THURSDAY, MARCH 13: It's "cussingly" hot, as one of our fellow lodgers says. So the best remedy, we all suss out, would be to start drinking at 3 p.m. after some heavy tacos and a milkshake. Between this chaotic and potentially disastrous consumption, we go to Tower Records to see NYC's The Mooney Suzuki play an in-store. These guys put out a record called Electric Sweat about a year ago on an independent label, but in the wave of the new garage-rock revival they were scooped up by Columbia Records and now have loads more cash at their disposal. That wouldn't necessarily be a bad thing if they were doing something original or uncontrived. At 2 p.m. they make their way down the steps of Tower's second floor, all dressed in matching black outfits. In front of a giant banner with their name above a drawing of hands throwing the international sign for rock ("throwing the goat" with index and pinky extended), the band churns out 30 minutes of forced poses, ripping whole chord progressions out of MC5 songs and dropping them into the middle of faux-retro turds even a deaf person could predict. And the crowd loves it. I end up reading magazines at the back of the store, but I look up just in time to see the two guitar players climbing up onto one of the CD racks and ripping down the 6-foot album displays off one of the walls. This revolutionary disobedience is met with some more misplaced worship on the crowd's part, and then the band runs away, leaving their crew to take care of the messy things like turning off amplifiers and picking up guitars.All this nonsense prompts a visit to The Showdown, a bar down the street that, from 3 to 3:15 every afternoon, features "Happy Minutes," when all domestic pints are 90 cents. We plow through a few of those as CNN broadcasts both the Elizabeth Smart fiasco and the departure of U.S. bombers from their stateside bases to areas where they can start bombing Iraq at a moment's notice. It's hard to reconcile the "ultimate-party" surroundings with current world events. I start to view the weekend as a sort of farewell party--goodbye to the semblance of stability and the anticipation of an unthinkable world war, for it comes closer with each beer, each band, each broadcast. To hell with poverty (and war)--we'll get drunk on cheap beer.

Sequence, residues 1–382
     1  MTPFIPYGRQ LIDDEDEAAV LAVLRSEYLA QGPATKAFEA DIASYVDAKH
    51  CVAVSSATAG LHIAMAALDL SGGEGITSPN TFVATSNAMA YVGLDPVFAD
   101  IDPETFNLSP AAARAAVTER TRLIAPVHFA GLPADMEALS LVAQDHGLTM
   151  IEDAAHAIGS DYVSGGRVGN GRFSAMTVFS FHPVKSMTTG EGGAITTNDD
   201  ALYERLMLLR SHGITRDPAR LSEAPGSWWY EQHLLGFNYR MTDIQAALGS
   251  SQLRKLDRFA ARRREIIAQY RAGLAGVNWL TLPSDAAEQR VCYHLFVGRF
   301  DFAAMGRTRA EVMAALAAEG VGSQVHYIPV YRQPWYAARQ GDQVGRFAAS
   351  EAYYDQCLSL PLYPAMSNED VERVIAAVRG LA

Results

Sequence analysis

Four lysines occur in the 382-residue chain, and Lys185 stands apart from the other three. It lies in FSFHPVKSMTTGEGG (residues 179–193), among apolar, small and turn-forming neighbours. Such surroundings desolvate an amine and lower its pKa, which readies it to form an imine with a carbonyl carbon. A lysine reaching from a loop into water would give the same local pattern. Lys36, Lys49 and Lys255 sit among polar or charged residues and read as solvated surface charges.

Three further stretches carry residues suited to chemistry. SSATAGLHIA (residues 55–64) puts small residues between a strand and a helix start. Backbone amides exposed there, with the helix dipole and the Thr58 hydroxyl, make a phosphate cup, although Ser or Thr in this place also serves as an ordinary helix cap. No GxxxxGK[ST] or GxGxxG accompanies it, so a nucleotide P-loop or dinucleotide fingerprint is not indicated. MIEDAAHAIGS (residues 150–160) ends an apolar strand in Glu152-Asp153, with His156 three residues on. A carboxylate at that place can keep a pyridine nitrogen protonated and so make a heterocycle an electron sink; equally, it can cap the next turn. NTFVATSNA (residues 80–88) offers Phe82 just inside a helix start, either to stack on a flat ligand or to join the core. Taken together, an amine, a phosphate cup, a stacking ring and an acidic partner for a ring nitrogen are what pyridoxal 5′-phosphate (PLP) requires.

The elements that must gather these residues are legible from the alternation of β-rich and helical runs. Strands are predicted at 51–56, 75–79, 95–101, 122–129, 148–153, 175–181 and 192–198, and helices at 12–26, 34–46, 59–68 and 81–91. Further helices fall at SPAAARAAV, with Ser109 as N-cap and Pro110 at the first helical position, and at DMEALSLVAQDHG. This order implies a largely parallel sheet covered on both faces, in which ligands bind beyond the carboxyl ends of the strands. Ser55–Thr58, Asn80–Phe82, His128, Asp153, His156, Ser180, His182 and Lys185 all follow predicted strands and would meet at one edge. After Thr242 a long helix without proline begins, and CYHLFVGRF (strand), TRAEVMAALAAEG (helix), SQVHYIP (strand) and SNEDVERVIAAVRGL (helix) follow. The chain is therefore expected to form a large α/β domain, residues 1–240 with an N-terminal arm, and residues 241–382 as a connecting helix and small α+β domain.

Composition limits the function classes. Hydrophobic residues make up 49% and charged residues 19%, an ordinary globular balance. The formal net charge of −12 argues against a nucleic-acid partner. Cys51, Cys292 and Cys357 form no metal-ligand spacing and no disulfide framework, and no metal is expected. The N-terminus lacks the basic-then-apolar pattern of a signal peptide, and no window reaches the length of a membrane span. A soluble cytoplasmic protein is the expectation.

After a Levi's/Fader party with free beer, pizza, snacks and copies of the crappy magazine, we hail a cab driven by a man with long lavender fingernails on his left hand, and he takes us to the Diesel store, another uber-bourgeois waste of space, full of Austin's ugliest 90-dollar sandblasted jeans. The French Kicks are playing an in-store here, their second show in as many hours. The band is visibly chagrined about the arrangement, but they make the best of it despite the inept soundman and bloodsucking fashion vampires. Their lead singer used to play drums while he sang, but in the past couple months the band has added a new drummer to free the vocalist up. There's a slight awkwardness palpable in the new dynamic, but it doesn't affect the songs at all; they play a handful of gems from their most recent release, One Time Bells, and a substantial number of awesome new songs. Like The Natural History, the French Kicks' songs are nearly flawless and always catchy. Startime Records has really pulled off a coup of sorts in the new wave of NYC bands. It sucks that we ate so much pizza at the Fader party, for we don't have room to take full advantage of the tuna steaks, brisket, pork dumplings and fancy vinegary mini-corncobs served while the French Kicks play. Oh, did I mention the absurd fashion? After I frantically search outside for a bush to relieve the gallons of Lone Star (the PBR of Texas) I've consumed since 3 p.m., I come back to find my spot on the faux-velvet couch taken by a woman in super-tight jeans of red and blue--there's even suede drawstrings on the legs and a patch that reads "69" on the left leg--whose name is--no shit--Treasure. She's nice enough, though, and seems to have better taste than the girls wearing bobby socks, high heels and trashy skirts. I have to remind myself that I'm here to see a band play.